Holyrood petition runs until 22 August
- Petition for “Human Right to Adequate Food” to be put on legislative footing so it is part of Scots Law runs until 22 August
- Scottish Government plans for a Good Food Nation Bill were watered down to a Good Food Nation programme last year
- Most recent figures on Scottish emergency food parcels show over half a million were delivered over a 18 month period, a record amount
A PETITION has been lodged at the Scottish Parliament for a “Human Right to Adequate Food”, in an attempt to resurrect plans for the right to food to be put on a legal footing in Scotland.
The petition, which can be signed online until 22 August, was submitted by Nourish Scotland director Peter Ritchie on behalf of the Scottish Food Coalition, which includes a wide-range of civic society organisations including Citizens Advice Scotland and Unison Scotland. It is expected to debated by Holyrood’s Petitions Committee, which gives recommendations to government for action.
A Good Food Nation Bill with the Right to Food as part of it was expected for the 2018 Programme for Government, but Cabinet Secretary for the Rural Economy Fergus Ewing scaled back the plans to a Good Food programme, and launched a new public consultation on Good Food legislation, which finished earlier this year.
Asked about the Bill prior to the Programme for Government in September last year, Ewing said: “There’s already a lot going on across the Scottish Government that contributes to our Good Food Nation objectives”
At the time of the decision, the Scottish Food Coalition, which had pushed for the Bill, said it was “disappointed that the ambition for what it means to be a Good Food Nation seems to have diminished”.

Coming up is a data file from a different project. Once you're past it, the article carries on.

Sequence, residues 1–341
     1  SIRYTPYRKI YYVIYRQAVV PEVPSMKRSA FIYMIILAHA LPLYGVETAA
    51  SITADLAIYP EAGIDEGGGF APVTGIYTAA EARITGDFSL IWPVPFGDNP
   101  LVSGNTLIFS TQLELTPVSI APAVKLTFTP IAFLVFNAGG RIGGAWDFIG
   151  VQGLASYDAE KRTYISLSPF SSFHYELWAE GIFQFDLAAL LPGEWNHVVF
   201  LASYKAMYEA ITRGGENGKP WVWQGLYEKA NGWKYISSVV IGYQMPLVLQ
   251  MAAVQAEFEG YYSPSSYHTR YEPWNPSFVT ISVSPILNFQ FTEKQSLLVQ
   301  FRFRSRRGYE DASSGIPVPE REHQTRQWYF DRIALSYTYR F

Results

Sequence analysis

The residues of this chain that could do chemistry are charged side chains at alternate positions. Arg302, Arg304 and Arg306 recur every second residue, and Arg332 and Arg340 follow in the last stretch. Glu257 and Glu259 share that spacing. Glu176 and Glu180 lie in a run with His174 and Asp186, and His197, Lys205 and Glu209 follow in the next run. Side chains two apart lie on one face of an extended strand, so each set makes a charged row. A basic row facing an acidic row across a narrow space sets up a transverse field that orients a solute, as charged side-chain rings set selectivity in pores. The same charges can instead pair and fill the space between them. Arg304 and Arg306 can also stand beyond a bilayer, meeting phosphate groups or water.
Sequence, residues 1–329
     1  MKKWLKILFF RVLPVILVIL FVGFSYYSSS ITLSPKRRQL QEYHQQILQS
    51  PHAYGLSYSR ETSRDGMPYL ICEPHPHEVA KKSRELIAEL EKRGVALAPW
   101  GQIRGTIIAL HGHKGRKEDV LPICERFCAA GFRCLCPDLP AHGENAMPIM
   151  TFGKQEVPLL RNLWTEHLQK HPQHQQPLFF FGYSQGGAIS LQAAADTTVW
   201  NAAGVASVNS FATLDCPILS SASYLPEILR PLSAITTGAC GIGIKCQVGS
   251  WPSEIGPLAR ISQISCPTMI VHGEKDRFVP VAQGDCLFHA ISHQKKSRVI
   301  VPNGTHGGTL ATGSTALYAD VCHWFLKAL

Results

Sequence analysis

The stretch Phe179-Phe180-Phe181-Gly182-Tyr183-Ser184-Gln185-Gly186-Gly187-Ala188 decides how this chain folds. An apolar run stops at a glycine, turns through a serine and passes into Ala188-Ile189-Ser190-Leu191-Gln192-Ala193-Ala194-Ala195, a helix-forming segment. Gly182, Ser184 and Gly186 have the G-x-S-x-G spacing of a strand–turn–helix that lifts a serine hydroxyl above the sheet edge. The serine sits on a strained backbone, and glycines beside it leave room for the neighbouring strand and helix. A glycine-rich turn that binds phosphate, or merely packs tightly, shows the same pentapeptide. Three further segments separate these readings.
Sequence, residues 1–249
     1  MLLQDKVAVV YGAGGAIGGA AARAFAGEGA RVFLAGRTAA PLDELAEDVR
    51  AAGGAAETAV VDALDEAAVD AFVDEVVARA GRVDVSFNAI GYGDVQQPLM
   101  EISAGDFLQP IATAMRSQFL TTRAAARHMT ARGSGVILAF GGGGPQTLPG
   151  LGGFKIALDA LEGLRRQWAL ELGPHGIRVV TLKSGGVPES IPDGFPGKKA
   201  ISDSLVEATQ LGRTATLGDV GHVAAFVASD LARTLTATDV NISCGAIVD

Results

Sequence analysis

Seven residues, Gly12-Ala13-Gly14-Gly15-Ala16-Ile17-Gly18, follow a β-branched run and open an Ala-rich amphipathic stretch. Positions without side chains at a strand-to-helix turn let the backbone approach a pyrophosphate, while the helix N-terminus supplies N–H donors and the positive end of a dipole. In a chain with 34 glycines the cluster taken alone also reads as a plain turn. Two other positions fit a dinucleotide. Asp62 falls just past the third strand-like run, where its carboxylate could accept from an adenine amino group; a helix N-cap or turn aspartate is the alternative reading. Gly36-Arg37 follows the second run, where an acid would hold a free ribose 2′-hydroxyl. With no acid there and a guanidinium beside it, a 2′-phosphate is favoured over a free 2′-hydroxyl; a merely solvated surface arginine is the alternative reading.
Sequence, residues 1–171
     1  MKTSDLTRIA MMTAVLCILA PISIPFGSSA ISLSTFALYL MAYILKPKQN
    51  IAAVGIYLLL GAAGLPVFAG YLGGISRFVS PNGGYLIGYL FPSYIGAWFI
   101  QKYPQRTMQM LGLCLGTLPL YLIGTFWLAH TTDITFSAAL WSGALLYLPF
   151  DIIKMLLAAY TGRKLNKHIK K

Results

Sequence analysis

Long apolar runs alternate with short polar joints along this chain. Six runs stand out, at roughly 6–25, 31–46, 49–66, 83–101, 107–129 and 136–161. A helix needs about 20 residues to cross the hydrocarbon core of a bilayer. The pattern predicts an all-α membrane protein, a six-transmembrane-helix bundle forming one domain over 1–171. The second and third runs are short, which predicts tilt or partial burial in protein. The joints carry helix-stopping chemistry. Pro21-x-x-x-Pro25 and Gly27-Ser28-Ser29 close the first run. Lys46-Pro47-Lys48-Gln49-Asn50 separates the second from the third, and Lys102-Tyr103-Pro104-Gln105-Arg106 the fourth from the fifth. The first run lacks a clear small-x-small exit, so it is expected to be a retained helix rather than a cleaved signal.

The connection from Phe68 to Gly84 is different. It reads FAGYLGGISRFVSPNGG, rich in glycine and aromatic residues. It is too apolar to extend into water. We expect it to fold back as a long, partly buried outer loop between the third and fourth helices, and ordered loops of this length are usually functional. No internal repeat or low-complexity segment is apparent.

The SNP’s 2016 election manifesto stated: “We will bring forward a Good Food Nation Bill to draw together all aspects of the Scottish Government’s work on food and drink – including food standards, public procurement and food waste.”
In making the case for the petition, Ritchie stated: “The Government should deliver on its manifesto commitment to bring forward a framework Bill based on the right to food. It will be effective, popular and world-leading. The Scottish Food Coalition and communities across Scotland are ready and waiting to help the Scottish Parliament and the Scottish Government deliver it.”
The right to adequate food exists in international law, but it currently has no protection under Scots Law.
In December 2018, the First Minister’s Advisory Group on Human Rights Leadership recommended that primary legislation be brought forward for the right to food.
A report earlier this year by A Menu for Change found that half a million emergency food parcels were delivered across Scotland between April 2017-September 2018, more than previously thought.
Commenting on the petition launch, Stephanie Mander, Policy & Campaigns Officer at Nourish Scotland, said: “Access to nutritious food is a fundamental human right – but we are not realising this right in Scotland. Evidence of food insecurity, diet-related illness and ecological damage is increasingly damning.
“We need to put the right to food into Scottish law, so that the Scottish Government takes action to enable universal access to high quality, nutritious food that is produced in a way that is fair to people, animals and the environment.
“Sign the petition and help ensure everyone’s human right to adequate food.”
Robin Mcalpine, director of the Common Weal think-tank, which is also a member of the Scottish Food Coalition, said: “There aren’t many policies where the public demand for action seems more divorced from current public policy. People want to escape the overly-processed factory food industry that dominates for a healthier and tastier food system where they can get access to healthy, quality local produce. But public policy still treats food as if it is mainly a profit-making activity.
“Unless we take the steps to change the food system we will be stuck with the social and health impacts of an unhealthy diet. That’s why we need real action now.”
Picture courtesy of Dave – Resting